If you’re a parent, you’ll be all too familiar with the rush home for bedtime duty – getting the kids in their PJs and ready for a bedtime story! You might also be familiar with the guilt of not doing it as often as you would have liked.
But it’s not just the kids that love a good story – they are what make us tick, from a plot in soap, a good book, play or snappy headline that captures our attention, such as the recent ‘travel agent secures booking whilst in hospital’. Whether it’s in the travel industry or not, many people have a story about how they have done something for a customer that has made that customer feel special.
At a time where the travel industry is evolving at an incredible pace, and where businesses are focussed on data, profit and margin, it’s important to remember what makes us stand out from the crowd. Having the ability to create and share these stories allows us to differentiate ourselves in a powerful way, and it’s more important and relevant than ever before.
And as technology continues to get more sophisticated and smarter, the more our jobs become at risk of computerisation over the next 20 years. So how ‘future proof’ is your profession? According to a recent story by researchers at Oxford University and Deloitte, about 35% of UK jobs are at ‘high risk’. So how do we as travel professionals, future proof our profession?
If a ‘travel agent’ just does the booking for the customer, the risk of automation is already high indeed. Online travel websites have developed at an incredible rate, including on-line virtual travel agents - but no matter how intelligent ‘robots’ may become, they will never have the power to create truly compelling stories. The travel agents who will stand out among the noise, are the ones who have stories to tell of how they have helped people, because when it comes to making decisions about how we spend our hard earned money, most people make purchases based on emotion rather than logic.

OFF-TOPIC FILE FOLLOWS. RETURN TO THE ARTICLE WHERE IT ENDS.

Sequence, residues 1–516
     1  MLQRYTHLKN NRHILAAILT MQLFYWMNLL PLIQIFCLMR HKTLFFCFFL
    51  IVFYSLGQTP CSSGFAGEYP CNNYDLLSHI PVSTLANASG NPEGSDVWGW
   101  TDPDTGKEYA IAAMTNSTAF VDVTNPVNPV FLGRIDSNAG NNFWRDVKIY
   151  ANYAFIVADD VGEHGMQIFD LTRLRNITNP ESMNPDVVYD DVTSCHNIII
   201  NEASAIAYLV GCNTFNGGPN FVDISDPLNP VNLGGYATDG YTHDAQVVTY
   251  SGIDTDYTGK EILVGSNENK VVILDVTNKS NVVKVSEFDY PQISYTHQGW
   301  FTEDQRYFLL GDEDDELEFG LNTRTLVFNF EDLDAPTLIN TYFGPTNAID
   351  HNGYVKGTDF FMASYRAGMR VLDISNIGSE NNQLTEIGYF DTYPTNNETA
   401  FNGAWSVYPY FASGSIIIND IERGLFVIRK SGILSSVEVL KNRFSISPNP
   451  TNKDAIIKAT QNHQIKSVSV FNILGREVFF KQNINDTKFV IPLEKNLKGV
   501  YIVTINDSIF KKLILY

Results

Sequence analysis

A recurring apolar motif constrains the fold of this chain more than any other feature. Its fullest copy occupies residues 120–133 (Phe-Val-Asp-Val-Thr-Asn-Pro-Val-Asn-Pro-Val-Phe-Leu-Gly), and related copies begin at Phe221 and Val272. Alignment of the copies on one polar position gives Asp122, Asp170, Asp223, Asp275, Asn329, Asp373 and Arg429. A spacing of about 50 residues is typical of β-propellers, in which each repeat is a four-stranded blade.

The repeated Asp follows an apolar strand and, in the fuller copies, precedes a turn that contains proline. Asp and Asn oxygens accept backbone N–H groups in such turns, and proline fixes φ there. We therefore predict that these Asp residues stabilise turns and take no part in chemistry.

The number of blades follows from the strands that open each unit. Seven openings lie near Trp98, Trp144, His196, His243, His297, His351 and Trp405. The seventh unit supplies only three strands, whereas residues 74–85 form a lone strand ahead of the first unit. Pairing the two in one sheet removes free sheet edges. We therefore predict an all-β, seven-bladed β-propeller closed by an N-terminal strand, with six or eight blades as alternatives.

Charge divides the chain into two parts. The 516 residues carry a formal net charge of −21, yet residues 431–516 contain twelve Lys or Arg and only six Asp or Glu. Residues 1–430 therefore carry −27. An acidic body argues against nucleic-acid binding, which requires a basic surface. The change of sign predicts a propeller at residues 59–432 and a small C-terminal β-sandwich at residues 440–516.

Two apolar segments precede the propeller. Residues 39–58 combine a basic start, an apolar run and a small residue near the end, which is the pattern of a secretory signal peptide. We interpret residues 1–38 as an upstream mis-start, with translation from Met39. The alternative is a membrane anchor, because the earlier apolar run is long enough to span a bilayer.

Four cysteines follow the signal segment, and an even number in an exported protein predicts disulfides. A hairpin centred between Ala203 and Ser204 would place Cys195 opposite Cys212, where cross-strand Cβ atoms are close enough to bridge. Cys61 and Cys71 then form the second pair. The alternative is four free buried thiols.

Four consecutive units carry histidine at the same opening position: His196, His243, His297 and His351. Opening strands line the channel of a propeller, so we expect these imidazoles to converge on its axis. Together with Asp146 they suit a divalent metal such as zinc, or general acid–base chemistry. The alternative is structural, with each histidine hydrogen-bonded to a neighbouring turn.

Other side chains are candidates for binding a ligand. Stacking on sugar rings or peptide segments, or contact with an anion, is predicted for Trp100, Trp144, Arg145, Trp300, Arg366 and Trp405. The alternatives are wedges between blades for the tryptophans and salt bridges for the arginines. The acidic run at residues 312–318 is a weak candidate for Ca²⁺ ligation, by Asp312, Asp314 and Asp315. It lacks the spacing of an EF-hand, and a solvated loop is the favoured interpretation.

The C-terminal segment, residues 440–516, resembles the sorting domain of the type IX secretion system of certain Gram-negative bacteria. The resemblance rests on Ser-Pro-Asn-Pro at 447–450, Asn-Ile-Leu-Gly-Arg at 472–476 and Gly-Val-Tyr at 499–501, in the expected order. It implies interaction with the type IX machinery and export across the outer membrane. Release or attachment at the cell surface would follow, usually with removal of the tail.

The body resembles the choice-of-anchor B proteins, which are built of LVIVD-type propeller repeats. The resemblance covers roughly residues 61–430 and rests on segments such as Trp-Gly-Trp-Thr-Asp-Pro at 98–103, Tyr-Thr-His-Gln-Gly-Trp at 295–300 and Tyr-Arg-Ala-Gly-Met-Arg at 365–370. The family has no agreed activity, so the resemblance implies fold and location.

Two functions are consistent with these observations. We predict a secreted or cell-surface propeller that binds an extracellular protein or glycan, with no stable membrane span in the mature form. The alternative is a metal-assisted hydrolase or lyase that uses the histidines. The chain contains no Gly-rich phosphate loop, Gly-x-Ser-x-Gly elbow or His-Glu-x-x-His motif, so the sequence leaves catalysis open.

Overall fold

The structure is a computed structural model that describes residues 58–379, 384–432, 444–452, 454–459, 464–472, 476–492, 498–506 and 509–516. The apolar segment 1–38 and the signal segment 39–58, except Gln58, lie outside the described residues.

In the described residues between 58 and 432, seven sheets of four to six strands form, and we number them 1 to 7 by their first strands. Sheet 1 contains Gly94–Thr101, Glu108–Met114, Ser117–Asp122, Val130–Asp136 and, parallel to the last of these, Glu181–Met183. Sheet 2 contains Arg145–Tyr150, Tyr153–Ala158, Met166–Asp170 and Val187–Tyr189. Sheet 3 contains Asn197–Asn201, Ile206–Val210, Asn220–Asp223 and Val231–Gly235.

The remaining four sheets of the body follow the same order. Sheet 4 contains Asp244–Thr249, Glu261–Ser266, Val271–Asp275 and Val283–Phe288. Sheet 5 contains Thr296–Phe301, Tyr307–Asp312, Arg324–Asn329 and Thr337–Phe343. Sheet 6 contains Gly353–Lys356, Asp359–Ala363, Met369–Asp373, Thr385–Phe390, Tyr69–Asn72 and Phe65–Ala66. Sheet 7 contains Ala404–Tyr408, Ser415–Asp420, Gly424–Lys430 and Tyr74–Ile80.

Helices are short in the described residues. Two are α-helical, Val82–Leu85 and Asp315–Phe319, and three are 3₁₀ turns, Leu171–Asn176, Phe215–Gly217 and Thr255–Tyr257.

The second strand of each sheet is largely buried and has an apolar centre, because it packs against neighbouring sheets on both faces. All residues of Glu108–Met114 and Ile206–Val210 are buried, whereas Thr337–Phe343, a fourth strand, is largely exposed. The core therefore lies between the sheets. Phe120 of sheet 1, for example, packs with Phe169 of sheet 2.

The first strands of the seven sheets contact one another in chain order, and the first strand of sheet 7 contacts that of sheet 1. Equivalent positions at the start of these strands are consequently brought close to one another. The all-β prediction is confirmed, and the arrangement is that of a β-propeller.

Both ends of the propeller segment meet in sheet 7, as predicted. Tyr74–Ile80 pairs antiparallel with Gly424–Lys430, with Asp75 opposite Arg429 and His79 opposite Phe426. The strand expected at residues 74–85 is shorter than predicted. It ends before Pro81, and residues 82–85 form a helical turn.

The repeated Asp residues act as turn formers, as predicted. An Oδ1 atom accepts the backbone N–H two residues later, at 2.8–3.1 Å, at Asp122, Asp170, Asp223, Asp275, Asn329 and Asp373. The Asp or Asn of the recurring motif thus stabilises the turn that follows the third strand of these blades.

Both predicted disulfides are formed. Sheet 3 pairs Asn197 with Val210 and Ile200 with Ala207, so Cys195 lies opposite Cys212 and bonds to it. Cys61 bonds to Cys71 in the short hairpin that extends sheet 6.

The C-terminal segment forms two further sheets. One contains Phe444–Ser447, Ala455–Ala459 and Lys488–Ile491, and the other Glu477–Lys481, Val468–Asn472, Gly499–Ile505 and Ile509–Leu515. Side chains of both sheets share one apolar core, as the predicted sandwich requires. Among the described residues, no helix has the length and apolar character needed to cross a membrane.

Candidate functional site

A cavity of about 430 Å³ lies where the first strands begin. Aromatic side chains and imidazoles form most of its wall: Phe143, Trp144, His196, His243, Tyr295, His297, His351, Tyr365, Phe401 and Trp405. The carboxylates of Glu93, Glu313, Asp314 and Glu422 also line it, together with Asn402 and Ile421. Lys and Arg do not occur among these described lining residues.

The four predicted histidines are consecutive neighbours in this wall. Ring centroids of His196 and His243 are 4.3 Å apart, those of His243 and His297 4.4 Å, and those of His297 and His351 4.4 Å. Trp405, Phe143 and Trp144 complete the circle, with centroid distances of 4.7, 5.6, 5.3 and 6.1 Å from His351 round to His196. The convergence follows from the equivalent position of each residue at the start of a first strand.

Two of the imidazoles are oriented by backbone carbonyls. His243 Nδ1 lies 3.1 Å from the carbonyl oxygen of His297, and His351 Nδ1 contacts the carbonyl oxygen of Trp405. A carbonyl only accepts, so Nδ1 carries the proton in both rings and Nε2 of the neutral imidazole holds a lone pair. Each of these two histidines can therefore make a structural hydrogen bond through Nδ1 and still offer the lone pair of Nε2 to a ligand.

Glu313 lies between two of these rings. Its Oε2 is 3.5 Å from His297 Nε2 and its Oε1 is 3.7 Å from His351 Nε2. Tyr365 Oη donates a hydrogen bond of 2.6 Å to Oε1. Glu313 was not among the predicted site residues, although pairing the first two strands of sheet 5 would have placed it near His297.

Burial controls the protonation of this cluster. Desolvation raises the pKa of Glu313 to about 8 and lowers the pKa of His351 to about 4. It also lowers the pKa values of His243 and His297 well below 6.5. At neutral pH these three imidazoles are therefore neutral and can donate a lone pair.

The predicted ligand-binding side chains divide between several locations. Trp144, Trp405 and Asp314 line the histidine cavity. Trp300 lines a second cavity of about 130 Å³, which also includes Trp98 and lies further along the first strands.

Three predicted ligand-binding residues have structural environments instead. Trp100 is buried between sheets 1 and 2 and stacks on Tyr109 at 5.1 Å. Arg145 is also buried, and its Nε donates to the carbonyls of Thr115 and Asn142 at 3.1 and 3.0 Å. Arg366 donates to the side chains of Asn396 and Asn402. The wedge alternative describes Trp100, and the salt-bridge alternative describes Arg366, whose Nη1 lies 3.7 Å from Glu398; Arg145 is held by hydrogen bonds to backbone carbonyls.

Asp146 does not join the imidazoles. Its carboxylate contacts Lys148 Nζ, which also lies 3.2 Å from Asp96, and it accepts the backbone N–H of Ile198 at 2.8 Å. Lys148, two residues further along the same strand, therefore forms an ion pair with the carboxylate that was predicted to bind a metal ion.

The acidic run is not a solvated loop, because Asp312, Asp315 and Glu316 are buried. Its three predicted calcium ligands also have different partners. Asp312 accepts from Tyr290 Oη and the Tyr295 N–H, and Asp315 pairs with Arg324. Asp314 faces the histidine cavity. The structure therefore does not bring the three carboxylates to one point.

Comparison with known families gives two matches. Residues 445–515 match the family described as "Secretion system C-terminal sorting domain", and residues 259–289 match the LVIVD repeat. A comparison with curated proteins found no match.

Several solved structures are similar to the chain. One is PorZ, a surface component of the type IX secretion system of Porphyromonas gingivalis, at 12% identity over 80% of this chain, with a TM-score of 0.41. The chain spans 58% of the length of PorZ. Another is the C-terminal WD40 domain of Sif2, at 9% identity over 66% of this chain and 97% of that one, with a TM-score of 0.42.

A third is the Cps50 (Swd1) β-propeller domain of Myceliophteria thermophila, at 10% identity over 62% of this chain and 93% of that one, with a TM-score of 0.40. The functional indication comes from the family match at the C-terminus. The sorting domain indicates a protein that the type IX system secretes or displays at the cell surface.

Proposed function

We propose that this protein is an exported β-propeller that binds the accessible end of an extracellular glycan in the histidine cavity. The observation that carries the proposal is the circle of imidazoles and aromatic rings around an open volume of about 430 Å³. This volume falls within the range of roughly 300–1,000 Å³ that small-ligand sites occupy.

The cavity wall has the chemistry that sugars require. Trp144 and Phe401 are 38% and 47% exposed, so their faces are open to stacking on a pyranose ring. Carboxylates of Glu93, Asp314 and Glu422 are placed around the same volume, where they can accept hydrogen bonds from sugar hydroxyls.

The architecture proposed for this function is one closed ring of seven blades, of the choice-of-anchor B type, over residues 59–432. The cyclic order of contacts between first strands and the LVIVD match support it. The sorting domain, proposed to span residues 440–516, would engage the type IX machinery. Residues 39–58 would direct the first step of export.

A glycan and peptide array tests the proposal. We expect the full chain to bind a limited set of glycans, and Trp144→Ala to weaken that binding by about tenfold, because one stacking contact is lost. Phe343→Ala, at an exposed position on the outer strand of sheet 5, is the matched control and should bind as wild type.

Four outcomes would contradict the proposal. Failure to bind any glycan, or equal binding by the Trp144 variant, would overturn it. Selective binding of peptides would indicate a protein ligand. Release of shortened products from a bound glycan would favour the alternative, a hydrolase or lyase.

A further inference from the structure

So great travel advisers are also great story tellers and ‘social sharers’. Social media gives us the ability to collate our stories and share them across a global network of current and potential customers. We see daily occurrences of this with our Travel Counsellors. Here’s just one example…
Earlier this month, two of our customers missed their flight for their Caribbean Cruise; their Travel Counsellor Nikki went above and beyond to get them re-booked so the holiday was unaffected; the customers were so grateful Nikki received a huge bunch of flowers that afternoon; Nikki shared her story on Facebook with a picture of the flowers. The result? Her most engaged post to date and a number of new enquiries from people who like the sound of her service.
These stories are free PR, the clearest sign of what you are about and they create the narrative and personality for the business and your personal brand. Steve Byrne, CEO, says: “In one of my favourite business reads, Daniel Pink’s bestseller ‘A whole New Mind’, he states that “the future belongs to a very different kind of person with a very different kind of mind – creators and empathisers. The people, artists, investors, story tellers, caregivers, consolers, will now reap society’s richest rewards and share its greatest joys.”
That is why those jobs that are least likely to be automated are those that require the highest amount of human qualities such as empathy, including nursing, care workers and psychologists. The message for us in the industry, and those we want to encourage to join it, is simple – ramp up the care and empathy with a customer; focus on how you make them feel more than the price of what you offer; and ‘bring it to life’ by sharing the stories of the things you do naturally for customers because you care and you operate in a culture that fosters doing what is right for the customer.
So, when you’re telling those bedtime stories tonight remember that it’s all good practice for the office too!
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